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I am in the process of incorporating PDO into my code but I am finding it hard to accomplish the same tasks that I was comfortable doing before. I feel that I might be missing something. Can someone please provide some guidance on the following code?

First, I have the following function that I converted to use PDO:

public function fetchBgnew($whr, $limit){

            $db = Core::getInstance();              
            $res = $db->dbh->prepare("SELECT p.id,p.bg,p.bg_desc,p.bg_id,p.user_id, p.pl_id,p.domainurl,p.type,p.price FROM ".USERS_BG." as p left join ".USERS." as u on p.user_id=u.id WHERE u.status !=0 and :whr :limit");
            $res->execute(array(':whr'=>$whr,':limit'=>$limit));                
            $res->fetchAll(PDO::FETCH_ASSOC);

            $cnt = $db->dbh->prepare("SELECT p.id FROM ".USERS_BG." as p left join ".USERS." as u on p.user_id=u.id WHERE u.status !=0 and :whr");
            $cnt->execute(array(':whr'=>$whr));             
            $cnt->rowCount();


            return $result = array("data"=>$res, "count"=>$cnt);
        }

Second, I want to call the function, but the previous code I was using before took an entire string statement like so:

  $bgdataarr = $bgObj->fetchBgnew(" p.pl_id IN (".@implode(',',$barr).") and p.status =1 order by p.id desc", " LIMIT $limit_start,$page_records");

I have been working with PDO for about 3 days and I am under the impression that you can't pass a string statement to be prepared or at least I don't know how.

1.What is the proper way to convert the function call secondly stated?

2.Is it possible to convert the function to be able to pass any argument I want to it like before?

share|improve this question
    
PDO quotes the parameters in prepared statements. Your :whr will be treated as a string, and when you look at the query you'd get - it would be SELECT ..... WHERE u.status !=0 and 'whr content here' 'limit content here' which gives you invalid SQL syntax. You cannot "safely" pass the column names and values and expect that PDO will magically convert it to proper SQL. PDO only quotes values of the columns, not the column names and values at the same time. –  N.B. Dec 12 '12 at 14:37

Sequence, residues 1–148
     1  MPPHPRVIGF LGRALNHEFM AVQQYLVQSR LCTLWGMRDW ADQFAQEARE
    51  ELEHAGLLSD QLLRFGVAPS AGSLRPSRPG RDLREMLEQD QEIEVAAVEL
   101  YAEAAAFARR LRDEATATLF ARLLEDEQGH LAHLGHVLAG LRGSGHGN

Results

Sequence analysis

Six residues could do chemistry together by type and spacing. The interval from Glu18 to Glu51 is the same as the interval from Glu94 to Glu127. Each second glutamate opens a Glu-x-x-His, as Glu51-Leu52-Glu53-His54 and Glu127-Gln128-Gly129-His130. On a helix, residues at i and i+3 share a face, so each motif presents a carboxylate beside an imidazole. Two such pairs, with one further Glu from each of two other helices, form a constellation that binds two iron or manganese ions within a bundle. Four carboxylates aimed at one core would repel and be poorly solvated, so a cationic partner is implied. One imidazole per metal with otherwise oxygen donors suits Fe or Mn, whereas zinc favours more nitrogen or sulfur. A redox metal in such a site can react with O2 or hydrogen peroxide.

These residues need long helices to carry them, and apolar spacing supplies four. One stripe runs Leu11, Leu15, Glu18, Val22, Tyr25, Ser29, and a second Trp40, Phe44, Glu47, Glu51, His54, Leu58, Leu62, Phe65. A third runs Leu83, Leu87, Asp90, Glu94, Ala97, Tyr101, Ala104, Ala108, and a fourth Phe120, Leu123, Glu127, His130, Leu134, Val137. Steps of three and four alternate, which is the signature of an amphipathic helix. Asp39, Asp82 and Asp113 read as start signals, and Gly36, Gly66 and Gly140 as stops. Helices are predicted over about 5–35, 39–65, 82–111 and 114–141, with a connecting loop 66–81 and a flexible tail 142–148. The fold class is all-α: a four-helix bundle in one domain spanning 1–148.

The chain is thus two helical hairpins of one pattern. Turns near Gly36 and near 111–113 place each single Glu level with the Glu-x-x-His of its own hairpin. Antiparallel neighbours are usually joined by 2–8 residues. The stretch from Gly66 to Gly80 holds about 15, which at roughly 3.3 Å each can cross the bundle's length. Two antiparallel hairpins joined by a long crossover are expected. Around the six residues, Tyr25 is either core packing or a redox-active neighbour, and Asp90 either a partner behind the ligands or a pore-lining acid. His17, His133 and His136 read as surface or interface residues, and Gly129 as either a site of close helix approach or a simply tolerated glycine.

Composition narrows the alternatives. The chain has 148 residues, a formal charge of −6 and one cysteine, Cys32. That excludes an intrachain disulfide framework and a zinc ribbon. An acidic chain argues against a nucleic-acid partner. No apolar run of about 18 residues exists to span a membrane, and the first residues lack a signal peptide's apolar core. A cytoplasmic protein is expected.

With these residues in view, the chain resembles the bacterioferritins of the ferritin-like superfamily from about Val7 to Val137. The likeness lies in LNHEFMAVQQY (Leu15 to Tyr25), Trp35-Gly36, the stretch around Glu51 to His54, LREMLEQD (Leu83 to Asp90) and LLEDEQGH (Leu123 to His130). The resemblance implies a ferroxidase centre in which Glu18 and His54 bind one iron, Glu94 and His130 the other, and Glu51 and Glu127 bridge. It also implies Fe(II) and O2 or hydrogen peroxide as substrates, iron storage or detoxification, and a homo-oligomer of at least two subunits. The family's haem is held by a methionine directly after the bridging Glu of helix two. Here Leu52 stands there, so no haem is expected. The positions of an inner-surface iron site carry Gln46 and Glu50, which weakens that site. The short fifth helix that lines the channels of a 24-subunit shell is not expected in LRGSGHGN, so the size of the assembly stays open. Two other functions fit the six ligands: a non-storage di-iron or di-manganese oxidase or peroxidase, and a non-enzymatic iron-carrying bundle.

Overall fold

On the other hand, if you want to pass column names AND values dynamically, you have to dynamically create the prepared statement by looping trough the array of columns:values and creating a PDO parameter for each column found in the array. –  N.B. Dec 12 '12 at 14:41
    
So if I am understanding correctly. You can only pass one value at a time? So, then there really isn't any point on coding functions because every function that I have would take different arguments? –  Claude Grecea Dec 12 '12 at 14:51

1 Answer 1

As mentioned in comments, you can't take an array that contains column:value pairs and pass it along as PDOStatement parameter.

What you would have to do is create the entire statement dynamically.

Assuming you have the following array:

$whr = array('username' => '12345', 'password' => 'lorem ipsum');

And you have your statement which looks like this:

$stmt = $pdo->prepare("SELECT * FROM users WHERE :whr");

Binding the array to the parameter would produce an invalid SQL (assuming you imploded the array so its result is a string).

What you have to do is create the entire statement dynamically.

$query[] = "SELECT * FROM users WHERE";

foreach($whr as $column => $value)
{
    $query[] = "$column = :$column";
}

$stmt = $pdo->prepare(implode(' AND ', $query));

// Naturally, you'll have to bind parameters somehow as well
foreach($whr as $column => $value)
{
    $stmt->bindValue($column, $value);
}

$stmt->execute();
share|improve this answer
    
That is a lot of work. It seems easier to just call it statically. –  Claude Grecea Dec 12 '12 at 15:16
    
I'm not sure I understand what you consider "statically" to be in this context. Also, the code remains the same size regardless of your array length, so all you need to do is basically use the example provided here. –  N.B. Dec 12 '12 at 15:18
    
The code wouldn't be reusable has every function takes different arguments. It is easier to just write it directly. For instance, your code does not allow for every possible situation nor do I think that can be accomplished. –  Claude Grecea Dec 12 '12 at 15:26
1  
The point of the example I posted was so you can see how you can pass an arbitrary amount of parameters to a PDOStatement. The way you build your statements is up to you, however you cannot pass 1 parameter to PDOStatement and replace it with part of the query. It's not how it works. I don't know the situation of your functions or how they look like, but it might be true that it's easier to write all the queries manually rather than build them this way. –  N.B. Dec 12 '12 at 16:38

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